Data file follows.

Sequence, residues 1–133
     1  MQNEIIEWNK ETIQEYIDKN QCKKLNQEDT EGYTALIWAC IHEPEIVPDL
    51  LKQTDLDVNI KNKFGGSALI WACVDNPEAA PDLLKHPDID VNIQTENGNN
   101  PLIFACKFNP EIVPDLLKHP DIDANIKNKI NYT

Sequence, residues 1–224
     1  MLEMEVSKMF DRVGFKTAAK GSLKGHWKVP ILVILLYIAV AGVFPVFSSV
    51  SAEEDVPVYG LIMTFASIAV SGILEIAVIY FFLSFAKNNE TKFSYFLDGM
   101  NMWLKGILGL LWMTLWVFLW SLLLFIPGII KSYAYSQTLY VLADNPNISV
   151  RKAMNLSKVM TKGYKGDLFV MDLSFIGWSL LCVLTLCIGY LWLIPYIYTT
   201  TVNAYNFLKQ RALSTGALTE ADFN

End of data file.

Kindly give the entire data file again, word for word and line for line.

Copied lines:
Sequence, residues 1–133
     1  MQNEIIEWNK ETIQEYIDKN QCKKLNQEDT EGYTALIWAC IHEPEIVPDL
    51  LKQTDLDVNI KNKFGGSALI WACVDNPEAA PDLLKHPDID VNIQTENGNN
   101  PLIFACKFNP EIVPDLLKHP DIDANIKNKI NYT

Sequence, residues 1–224
     1  MLEMEVSKMF DRVGFKTAAK GSLKGHWKVP ILVILLYIAV AGVFPVFSSV
    51  SAEEDVPVYG LIMTFASIAV SGILEIAVIY FFLSFAKNNE TKFSYFLDGM
   101  NMWLKGILGL LWMTLWVFLW SLLLFIPGII KSYAYSQTLY VLADNPNISV
   151  RKAMNLSKVM TKGYKGDLFV MDLSFIGWSL LCVLTLCIGY LWLIPYIYTT
   201  TVNAYNFLKQ RALSTGALTE ADFN